- Agencies to adopt technical safeguards to protect against unauthorized bulk submissions using automation.
Hopefully, all these changes will happen sooner than later. Democracy has enough trouble as it without businesses pretending to be millions of citizens.
Would you install iPhone apps from a third-party iOS store?
There’s pressure — both legal and otherwise — on Apple to open up iOS and iPadOS to third-party app stores, freeing both customers and developers from Apple’s iron grip.
But would you buy apps from a third-party app store?
As I see it, there are pros and cons, and when it comes to the end user, it’s mostly cons.
A lot of potential pros are being suggested, from more choice to cheaper apps to an ethereal sense of “freedom” from Apples rules and regulations.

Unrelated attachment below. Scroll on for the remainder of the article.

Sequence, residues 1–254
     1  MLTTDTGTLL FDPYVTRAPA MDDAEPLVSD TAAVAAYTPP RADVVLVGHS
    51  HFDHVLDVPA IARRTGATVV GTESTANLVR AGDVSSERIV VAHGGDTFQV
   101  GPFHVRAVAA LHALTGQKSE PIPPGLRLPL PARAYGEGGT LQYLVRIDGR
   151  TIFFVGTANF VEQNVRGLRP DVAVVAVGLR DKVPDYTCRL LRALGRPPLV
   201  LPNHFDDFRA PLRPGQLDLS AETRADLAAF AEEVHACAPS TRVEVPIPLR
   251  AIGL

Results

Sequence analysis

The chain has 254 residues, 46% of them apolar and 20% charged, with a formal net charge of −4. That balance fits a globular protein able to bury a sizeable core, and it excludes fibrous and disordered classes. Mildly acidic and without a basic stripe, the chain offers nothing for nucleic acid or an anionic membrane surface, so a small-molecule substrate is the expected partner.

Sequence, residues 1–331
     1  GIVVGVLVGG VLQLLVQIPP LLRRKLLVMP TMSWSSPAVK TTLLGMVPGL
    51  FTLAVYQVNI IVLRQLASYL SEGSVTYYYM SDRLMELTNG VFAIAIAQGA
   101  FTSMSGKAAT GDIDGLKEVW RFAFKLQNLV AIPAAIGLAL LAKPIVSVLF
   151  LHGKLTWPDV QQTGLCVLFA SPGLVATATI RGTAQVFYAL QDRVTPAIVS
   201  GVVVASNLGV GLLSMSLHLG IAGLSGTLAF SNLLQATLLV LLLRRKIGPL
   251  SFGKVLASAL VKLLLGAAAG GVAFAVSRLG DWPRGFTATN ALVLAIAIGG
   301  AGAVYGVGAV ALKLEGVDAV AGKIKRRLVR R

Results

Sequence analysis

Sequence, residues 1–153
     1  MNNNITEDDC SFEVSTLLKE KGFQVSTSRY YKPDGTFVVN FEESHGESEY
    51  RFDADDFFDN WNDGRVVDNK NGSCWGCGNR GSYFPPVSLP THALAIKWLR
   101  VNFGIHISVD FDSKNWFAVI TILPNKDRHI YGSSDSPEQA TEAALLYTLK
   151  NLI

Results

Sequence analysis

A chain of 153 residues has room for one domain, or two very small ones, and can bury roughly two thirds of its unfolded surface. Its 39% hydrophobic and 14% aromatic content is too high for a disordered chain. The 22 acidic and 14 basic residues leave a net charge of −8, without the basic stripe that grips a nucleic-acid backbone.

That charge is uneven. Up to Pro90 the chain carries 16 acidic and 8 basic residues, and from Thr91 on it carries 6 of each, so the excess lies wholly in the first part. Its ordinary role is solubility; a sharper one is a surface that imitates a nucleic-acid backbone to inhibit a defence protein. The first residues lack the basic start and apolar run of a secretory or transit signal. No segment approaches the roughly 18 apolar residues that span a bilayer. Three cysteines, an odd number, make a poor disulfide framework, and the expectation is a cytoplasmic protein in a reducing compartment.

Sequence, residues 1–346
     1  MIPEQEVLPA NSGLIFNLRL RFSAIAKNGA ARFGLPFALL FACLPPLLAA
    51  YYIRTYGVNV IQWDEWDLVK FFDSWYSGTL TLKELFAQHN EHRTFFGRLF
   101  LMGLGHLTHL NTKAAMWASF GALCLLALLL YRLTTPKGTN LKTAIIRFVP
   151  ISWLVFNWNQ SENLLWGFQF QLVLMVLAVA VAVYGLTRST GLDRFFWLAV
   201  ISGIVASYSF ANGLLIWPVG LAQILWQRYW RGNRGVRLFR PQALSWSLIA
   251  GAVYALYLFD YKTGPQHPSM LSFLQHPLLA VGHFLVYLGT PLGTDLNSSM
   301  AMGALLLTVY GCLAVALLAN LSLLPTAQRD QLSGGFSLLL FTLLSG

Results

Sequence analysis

On the downside, there wouldn’t be the curation that Apple carries out, and a rejection of apps that break the rules. Also, I suspect that moves such as making developers come clean about what they do with your data, or preventing them from tracking you across the web would likely get the chop.
What wouldn’t change is what developers can do, since most of the safeguards as to what apps can and can’t do are built into iOS.
Personally, I’m skeptical that a third-party app store would be good for end users. Sure, giving developers more flexibility over pricing would help them, but unless the new app store was curated to the same standards that Apple curates its App Store, I can’t help but see it degrade into a cesspit of fart apps and nonsense.
Also, now that Apple is putting pressure on privacy and tracking, any third-party app store that didn’t follow similar rules would become inundated by badware.